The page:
Meghan Markle's 15 Most Iconic Outfits Of All Time
It’s been just over one month since Meghan Markle and Prince Harry made their royal exit — and from the looks of it, the pair is happily adjusting. The Duke and Duchess of Sussex recently shared a casual family moment of celebrating their son Archie’s first birthday, offering a peek into their new life. But while said life may feel be more down-to-earth — complete with chambray shirts and messy buns — it’d be remiss the say the public won’t think fondly of their more formal moments as royals. Meghan Markle’s most iconic outfits have cemented the star into place as a modern fashion darling, and there’s no doubt her upcoming ensembles will be just as good, if not better. And as someone who has gone from a Hollywood celebrity to a member of the royal family — with the outfits to reflect it — the Duchess’ sartorial evolution is one worth watching.
When news first broke that Markle was in a relationship with Prince Harry in 2016, all eyes turned on her, and her style. Now, with a virtually infinite list of appearances under her belt, Markle has not only refined her style over the years, but she’s also become a key player in bringing attention to brands and designers of all sizes.
To see how Duchess of Sussex’s style has changed over her years in the global spotlight, scroll down for her most iconic looks to date.
On November 27, 2017, the future Duke and Duchess of Sussex officially announced their engagement. Markle wore a white wrap coat from Canadian brand Line the Label over an emerald dress and nude Aquazurra shoes.
Later that year in December, the soon-to-be royal leaned into British fashion with a statement-making hat to top off a beige wool wrap coat from Sentaler, knee-high boots from Stuart Weitzman, and a Chloé purse.
Markle wore a chic tartan plaid wool coat over a simple black turtleneck and trousers for her visit to Edinburgh in February 2018.
For an ANZAC service at Westminster Abbey in April 2018, Markle wore a two-piece set from Emilia Wickstead with classic black pumps.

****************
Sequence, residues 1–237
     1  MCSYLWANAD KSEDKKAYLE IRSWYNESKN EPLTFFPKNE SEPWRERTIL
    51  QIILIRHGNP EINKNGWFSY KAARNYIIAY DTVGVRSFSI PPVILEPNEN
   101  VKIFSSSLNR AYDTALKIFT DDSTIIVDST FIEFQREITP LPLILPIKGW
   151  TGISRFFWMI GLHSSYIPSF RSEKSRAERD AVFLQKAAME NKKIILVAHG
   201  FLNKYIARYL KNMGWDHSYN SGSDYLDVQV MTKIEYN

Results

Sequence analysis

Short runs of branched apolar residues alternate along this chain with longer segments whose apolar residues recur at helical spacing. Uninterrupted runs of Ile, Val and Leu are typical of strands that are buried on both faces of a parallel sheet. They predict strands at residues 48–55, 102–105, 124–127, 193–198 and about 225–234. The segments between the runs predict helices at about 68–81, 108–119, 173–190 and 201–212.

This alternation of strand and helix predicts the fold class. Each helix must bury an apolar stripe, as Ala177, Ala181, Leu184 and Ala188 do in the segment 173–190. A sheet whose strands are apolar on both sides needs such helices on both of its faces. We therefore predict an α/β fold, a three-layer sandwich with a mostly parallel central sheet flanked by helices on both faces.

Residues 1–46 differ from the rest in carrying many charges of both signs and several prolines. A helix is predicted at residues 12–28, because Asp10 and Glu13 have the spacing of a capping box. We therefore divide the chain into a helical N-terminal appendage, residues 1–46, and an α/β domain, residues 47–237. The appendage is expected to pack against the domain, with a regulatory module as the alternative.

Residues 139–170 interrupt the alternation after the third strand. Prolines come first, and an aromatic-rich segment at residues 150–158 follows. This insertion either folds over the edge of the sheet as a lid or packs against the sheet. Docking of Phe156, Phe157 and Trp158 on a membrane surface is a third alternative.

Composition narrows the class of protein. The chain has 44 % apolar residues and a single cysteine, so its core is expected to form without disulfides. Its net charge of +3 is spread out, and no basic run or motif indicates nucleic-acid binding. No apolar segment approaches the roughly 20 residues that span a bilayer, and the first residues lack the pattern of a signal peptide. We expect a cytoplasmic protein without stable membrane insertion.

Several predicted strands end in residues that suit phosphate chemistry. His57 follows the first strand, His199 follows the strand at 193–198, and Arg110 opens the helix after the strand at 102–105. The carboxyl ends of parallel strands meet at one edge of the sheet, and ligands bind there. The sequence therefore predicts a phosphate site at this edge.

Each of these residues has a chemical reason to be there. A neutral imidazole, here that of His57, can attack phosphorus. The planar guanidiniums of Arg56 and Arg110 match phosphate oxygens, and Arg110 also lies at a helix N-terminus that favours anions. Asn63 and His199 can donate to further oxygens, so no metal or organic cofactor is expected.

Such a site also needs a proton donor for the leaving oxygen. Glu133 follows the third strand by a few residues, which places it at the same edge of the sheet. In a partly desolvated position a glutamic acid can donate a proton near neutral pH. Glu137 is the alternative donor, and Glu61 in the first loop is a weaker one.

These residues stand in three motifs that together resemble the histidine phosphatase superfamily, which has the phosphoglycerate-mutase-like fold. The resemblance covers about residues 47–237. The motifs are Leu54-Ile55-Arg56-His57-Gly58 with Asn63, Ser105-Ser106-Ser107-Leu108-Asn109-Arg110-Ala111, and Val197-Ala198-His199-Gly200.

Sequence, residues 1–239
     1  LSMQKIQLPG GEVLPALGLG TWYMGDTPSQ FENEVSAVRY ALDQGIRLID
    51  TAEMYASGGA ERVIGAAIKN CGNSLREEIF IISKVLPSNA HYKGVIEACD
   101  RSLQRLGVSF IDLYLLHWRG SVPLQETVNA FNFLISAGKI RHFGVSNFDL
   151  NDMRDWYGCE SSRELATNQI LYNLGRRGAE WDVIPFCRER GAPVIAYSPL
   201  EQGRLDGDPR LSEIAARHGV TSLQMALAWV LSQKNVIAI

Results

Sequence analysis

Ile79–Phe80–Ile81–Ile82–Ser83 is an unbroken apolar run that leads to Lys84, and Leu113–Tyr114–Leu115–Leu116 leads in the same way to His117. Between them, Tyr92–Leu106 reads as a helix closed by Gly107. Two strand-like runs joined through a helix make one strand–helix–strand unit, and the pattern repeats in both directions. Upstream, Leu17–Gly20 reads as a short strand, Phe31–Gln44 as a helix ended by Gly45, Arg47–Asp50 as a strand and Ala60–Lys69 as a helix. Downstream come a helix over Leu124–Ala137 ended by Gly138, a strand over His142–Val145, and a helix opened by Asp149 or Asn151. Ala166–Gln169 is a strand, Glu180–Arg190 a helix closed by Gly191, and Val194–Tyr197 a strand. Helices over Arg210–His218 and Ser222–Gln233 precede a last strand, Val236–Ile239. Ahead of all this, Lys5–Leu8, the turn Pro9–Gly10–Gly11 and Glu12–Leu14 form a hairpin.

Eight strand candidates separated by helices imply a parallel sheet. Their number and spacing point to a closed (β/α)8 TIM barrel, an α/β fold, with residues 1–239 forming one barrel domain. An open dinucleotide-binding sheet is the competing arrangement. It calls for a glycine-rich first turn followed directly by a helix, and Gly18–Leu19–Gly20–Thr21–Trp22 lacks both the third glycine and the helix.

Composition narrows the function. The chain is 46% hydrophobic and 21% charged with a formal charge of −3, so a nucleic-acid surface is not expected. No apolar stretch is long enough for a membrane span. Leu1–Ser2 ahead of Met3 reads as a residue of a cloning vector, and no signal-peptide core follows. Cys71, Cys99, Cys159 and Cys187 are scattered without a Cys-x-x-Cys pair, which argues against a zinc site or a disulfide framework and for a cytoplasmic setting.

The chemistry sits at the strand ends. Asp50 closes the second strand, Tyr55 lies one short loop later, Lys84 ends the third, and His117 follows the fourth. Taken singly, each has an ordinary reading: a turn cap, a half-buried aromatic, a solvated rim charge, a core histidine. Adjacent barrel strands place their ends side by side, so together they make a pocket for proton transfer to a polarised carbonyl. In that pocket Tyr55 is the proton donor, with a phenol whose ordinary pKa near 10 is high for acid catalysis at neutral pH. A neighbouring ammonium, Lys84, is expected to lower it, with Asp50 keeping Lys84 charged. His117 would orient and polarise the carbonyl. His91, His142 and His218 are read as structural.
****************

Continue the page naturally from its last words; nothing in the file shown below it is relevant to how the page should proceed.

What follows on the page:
Markle opted for a classic, minimal gown designed by then-Givenchy creative director Clare Waight Keller for her wedding to Prince Harry at St. George's Chapel in May 2018.
The Duchess of Sussex's Givenchy gown wasn't the only dress to make headlines on her wedding day. Markle wore a more modern but equally minimal custom dress from Stella McCartney for her reception.
In June 2018, Markle wore a sleek off-the-shoulder dress from Givenchy for a visit to Chesire with Queen Elizabeth II.
The Duchess styled a sleeveless trench coat as a dress for the Nelson Mandela Centenary exhibition in July 2018.
Markle took a cooler approach to her outfit for the WellChild Awards in September 2018, wearing a black silk camisole with a tailored pantsuit.
For the 2018 Fashion Awards, Markle presented an award to honor Clare Waight Keller wearing a Givenchy dress — which also showed off the early stages of her baby bump.
Markle kept her growing bump in mind when attending the Endeavor Fund Awards. The Duchess styled a white button-down shirt and black maxi skirt — both by Givenchy — for the event.
Prince Harry and Markle announced the birth of their first son in May 2019, where Markle wore a trench-style dress with a waist-cinching belt.
The Duchess and new mother chose a casual look of jeans, a tank top, and a blazer for a match at the Wimbledon tournament in July 2019. The style icon topped her outfit off with a cream fedora.
For the 2019 WellChild Awards, Markle wore an emerald fitted dress with a wool coat over her shoulders. However, her unique purse from Montunas Gauria, which featured a scarf handle, drew all the attention.
Earlier this year, the Mountbatten Festival of Music in London, Markle went for a bold red gown by Safiyaa Kalika with coordinating accessories.
Markle spent one of her final events as a member of the royal family wearing a bright green dress from Emilia Wickstead on Commonwealth Day. The Duchess wore a fascinator hat in a coordinating color from William Chambers and classic beige pumps.